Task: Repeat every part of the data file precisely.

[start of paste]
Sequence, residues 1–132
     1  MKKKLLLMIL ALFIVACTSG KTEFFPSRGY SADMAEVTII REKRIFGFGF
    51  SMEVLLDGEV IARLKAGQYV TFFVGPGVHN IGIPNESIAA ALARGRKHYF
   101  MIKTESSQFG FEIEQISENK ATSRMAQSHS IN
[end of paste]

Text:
Sequence, residues 1–132
     1  MKKKLLLMIL ALFIVACTSG KTEFFPSRGY SADMAEVTII REKRIFGFGF
    51  SMEVLLDGEV IARLKAGQYV TFFVGPGVHN IGIPNESIAA ALARGRKHYF
   101  MIKTESSQFG FEIEQISENK ATSRMAQSHS IN